The Marriage Plot, in contrast, gives us the details of its characters’ lives but no broader perspective, no contextualizing social analysis, no critique or celebration to guide our relationship to them and their aspirations. Clinging closely to his characters’ points of view, Eugenides gives us no more than they perceive, which means accepting their limitations. As they are young, imperfectly educated, lacking in self-awareness and understandably unable to see their own lives in historical perspective, these limitations are substantial. Why things are the way they are for them—in love and in marriage, but also in academia, in laboratories, in psychiatric hospitals, in religion—Eugenides makes no effort to explain, any more than he directs us towards how else they could or should be. Thus he gives us only the surface of a compelling social novel, not the substance.
No doubt he does so in service of a view that life itself does not conform to the patterns we find in books, including in marriage plot novels. “There is no happiness in love,” is the Trollopian epigraph to Madeleine’s thesis, “except at the end of an English novel.” But while it’s true that real life may be episodic, impressionistic, purposeless, fiction surely need not be. Eugenides apparently agrees with Madeleine’s supervisor, Professor Saunders, that “sexual equality, good for women, had been bad for the novel:”
And divorce had undone it completely. What would it matter whom Emma married if she could file for separation later? How would Isabel Archer’s marriage to Gilbert Osmond have been affected by the existence of a prenup? As far as Saunders was concerned, marriage didn’t mean much anymore, and neither did the novel. Where could you find the marriage plot nowadays? You couldn’t. You had to read historical fiction. You had to read non-Western novels involving traditional societies. Afghan novels, Indian novels. You had to go, literarily speaking, back in time.
If it doesn’t matter whom Madeleine marries, what does matter? Through what plot will the heroine of the 1980s seek fulfillment? What new story sets the terms for meaning “nowadays”? Eugenides evades these questions. Rejecting marriage as the resolution for both him and his characters, Eugenides opts for an open-endedness that feels like irresolution.
I would have thought the obvious alternative is the novel of vocation, an incoherent form for women in nineteenth-century novels because marriage was presumed to be their vocation. And in fact, unlike Elizabeth Bennet, Emma Woodhouse, Dorothea Brooke, or Isabel Archer, Madeleine does have a career plan: to become a literary academic. At the end of the novel Madeleine is accepted to do graduate studies at Columbia (appropriately, she is rejected by Yale, at the time a hotbed of deconstruction). She is excited, but the novel’s consistently satirical treatment of academia has hardly set us up to see embarking on a Ph.D. in literature as a heroic quest. More, the story of Madeleine’s discovery of her vocation relentlessly trivializes it. During a thrilling weekend at a Victorian studies conference, Madeleine senses “the emergence of a new class of academics … talking about all the old books she loved, but in new ways”:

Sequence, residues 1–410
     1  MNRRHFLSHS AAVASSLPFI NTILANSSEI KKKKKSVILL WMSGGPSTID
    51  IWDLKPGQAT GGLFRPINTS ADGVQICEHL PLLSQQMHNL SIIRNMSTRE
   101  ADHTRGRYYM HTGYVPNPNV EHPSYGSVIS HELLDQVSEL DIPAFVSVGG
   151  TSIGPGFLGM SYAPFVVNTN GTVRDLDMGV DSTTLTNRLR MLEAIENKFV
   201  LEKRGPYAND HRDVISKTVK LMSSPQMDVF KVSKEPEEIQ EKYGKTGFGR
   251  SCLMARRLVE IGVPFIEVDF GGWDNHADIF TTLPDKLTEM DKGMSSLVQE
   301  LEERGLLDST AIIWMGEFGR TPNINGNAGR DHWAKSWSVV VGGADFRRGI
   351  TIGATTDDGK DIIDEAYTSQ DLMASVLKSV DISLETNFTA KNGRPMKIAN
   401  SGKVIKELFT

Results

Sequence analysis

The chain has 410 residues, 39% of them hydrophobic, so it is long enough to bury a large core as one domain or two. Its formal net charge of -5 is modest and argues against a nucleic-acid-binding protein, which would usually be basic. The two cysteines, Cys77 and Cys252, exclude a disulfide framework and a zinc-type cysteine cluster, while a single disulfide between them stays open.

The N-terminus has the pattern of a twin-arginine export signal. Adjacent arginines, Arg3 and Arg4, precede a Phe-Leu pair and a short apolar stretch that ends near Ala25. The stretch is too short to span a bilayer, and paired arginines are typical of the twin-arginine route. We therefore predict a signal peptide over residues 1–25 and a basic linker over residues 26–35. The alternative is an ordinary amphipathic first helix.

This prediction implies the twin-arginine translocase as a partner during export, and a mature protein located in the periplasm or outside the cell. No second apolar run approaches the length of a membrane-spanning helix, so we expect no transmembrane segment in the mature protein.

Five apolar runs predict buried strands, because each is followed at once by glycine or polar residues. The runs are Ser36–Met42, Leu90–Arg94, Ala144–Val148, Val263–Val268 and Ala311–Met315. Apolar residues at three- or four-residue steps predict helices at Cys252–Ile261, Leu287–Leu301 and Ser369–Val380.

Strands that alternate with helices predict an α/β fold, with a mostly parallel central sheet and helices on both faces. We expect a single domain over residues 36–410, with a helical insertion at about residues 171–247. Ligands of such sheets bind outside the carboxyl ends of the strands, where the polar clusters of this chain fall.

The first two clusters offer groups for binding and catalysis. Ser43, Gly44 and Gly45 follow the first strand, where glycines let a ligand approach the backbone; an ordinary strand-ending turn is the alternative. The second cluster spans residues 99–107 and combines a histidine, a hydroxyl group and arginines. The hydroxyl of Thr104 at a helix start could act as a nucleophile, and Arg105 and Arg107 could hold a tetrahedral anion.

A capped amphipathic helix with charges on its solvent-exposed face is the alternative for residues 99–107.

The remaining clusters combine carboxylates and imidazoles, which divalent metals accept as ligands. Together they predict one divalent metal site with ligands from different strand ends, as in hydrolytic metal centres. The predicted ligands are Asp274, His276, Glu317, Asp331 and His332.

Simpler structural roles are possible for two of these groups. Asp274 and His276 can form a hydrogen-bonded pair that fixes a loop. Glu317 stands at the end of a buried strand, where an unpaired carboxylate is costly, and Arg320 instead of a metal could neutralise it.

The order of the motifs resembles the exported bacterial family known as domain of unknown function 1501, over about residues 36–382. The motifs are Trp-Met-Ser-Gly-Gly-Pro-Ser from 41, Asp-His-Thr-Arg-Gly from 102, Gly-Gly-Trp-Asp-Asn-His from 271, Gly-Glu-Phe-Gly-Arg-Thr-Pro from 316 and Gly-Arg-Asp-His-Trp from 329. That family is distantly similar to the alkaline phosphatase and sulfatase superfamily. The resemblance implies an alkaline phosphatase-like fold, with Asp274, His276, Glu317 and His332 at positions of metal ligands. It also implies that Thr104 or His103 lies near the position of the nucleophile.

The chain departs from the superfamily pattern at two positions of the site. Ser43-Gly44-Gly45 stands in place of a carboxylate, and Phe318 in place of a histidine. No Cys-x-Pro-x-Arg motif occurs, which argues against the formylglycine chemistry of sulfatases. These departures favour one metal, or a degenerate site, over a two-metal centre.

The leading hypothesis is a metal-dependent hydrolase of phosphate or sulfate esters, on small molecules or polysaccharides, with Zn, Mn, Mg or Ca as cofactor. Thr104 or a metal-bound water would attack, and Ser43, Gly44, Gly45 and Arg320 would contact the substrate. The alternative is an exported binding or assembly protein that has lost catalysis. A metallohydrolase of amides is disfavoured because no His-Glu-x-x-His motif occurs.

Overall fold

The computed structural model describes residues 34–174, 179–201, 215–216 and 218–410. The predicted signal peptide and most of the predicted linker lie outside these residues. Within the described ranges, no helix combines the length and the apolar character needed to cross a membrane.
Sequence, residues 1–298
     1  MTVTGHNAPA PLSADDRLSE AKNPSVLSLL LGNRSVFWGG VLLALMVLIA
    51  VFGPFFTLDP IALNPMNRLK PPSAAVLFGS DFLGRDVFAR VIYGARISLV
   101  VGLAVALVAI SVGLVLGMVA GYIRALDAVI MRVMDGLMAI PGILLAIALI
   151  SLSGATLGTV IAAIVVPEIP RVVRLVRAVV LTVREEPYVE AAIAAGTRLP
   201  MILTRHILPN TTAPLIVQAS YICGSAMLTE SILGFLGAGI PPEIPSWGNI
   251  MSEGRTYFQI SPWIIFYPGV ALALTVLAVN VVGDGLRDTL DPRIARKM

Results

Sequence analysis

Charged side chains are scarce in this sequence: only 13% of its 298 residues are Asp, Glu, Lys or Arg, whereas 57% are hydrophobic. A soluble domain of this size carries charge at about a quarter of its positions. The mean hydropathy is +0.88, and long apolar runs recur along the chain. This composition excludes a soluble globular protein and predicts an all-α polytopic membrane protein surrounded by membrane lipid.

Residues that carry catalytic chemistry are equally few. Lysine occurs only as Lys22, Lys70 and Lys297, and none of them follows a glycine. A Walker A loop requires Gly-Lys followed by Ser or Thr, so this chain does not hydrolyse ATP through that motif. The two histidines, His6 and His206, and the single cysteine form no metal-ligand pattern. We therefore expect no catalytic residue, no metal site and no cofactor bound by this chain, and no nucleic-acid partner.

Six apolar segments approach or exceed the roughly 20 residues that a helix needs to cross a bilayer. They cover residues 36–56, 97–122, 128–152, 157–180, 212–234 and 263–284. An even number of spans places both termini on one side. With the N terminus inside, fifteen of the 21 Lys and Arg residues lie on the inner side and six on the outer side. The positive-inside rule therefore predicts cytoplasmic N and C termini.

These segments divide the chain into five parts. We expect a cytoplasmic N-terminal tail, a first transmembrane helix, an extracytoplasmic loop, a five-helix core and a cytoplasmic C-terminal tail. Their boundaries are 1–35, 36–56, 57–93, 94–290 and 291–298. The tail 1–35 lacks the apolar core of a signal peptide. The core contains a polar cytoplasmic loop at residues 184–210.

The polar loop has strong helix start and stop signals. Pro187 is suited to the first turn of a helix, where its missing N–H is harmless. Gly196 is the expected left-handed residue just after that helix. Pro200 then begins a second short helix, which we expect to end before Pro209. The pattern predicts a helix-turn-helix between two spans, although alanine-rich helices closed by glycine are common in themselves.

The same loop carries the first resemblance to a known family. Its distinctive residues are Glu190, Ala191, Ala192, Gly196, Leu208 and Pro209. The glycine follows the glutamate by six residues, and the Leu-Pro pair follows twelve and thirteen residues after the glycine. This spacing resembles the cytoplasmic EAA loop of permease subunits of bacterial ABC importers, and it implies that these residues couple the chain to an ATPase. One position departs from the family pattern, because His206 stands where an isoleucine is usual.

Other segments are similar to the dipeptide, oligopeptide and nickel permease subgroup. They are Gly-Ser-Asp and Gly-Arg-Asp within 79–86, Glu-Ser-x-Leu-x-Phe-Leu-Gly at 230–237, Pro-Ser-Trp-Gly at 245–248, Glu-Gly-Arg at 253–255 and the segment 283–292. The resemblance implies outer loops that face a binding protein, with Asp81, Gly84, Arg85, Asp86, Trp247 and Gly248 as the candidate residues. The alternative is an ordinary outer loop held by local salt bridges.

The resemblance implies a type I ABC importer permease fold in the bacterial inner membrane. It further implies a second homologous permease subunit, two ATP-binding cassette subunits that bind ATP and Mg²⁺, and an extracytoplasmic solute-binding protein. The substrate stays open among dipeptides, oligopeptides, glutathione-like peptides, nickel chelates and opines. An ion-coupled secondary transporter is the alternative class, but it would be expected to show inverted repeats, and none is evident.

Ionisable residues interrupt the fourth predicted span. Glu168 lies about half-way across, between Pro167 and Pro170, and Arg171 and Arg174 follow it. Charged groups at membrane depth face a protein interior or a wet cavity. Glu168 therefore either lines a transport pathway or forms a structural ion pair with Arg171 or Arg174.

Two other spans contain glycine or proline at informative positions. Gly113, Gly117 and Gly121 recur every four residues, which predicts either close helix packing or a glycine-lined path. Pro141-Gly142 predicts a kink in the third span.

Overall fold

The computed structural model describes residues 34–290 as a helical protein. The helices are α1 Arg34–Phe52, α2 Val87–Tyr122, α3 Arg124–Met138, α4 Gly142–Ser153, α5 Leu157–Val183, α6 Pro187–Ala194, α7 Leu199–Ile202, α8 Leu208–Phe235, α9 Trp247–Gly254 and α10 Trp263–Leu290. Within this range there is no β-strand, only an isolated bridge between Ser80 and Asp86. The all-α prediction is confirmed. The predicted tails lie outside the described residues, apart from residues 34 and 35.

The topics included: “Women of Property in the Victorian Novel,” “Victorian Women Writers and the Woman Question,” “Masturbation in Victorian Literature,” and “The Prison of Womanhood.”
She and her friends even have a celebrity sighting, spotting “Sandra Gilbert and Susan Gubar coming out of a ‘Madwoman in the Attic’ talk where there were no seats left.” “The entire weekend, they didn’t even ask if she had a boyfriend,” Madeleine reflects happily when it’s over. “They just wanted to talk about literature.” “Daddy, I know what I want to be,” she announces breathlessly when she phones home; “A Victorianist!” That word “made her fuzzy aspirations suddenly real.”
Her naiveté at this point is understandable (and realistic: I know from personal experience that there is a never-ending supply of idealistic young women students inspired by their love of reading Austen and Gaskell and George Eliot to speak and do pretty much as she does). At no point in the novel, however, is she, or are we, moved to take her aspirations seriously. After the conference, she “managed to score a huge stack of Victorian criticism” (psst, buddy: there’s more where that came from!). Armed with this and an old Royal typewriter, she sets about “trying to condense her thesis into a publishable size.” It’s a challenging project:
Sometimes when she was typing quickly two or three keys would glom together and she’d have to separate them with her fingers, gaining a new understanding of the term manual typewriter. Unsticking the keys or changing the ribbon left her fingers ink-stained. . . . Trying to clean the Royal wasn’t easy. It weighed a ton. No matter how many times she managed to lug it to the sink and turn it over, it never stopped leaking detritus. Bringing it back to her desk, she put a sheet of paper in the roller and set to work again, but the nagging thought that the gunk remained in the typewriter, as well as the constant sticking of the keys, made her forget what she’d been writing. And so she took the typewriter back to the sink and got the rest of the gunk out with an old toothbrush.